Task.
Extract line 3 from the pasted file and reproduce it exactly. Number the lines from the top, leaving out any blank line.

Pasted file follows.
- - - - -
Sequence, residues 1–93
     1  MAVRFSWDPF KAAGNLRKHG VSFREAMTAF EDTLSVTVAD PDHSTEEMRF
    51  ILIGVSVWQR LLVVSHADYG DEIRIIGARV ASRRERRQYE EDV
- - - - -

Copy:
    51  ILIGVSVWQR LLVVSHADYG DEIRIIGARV ASRRERRQYE EDV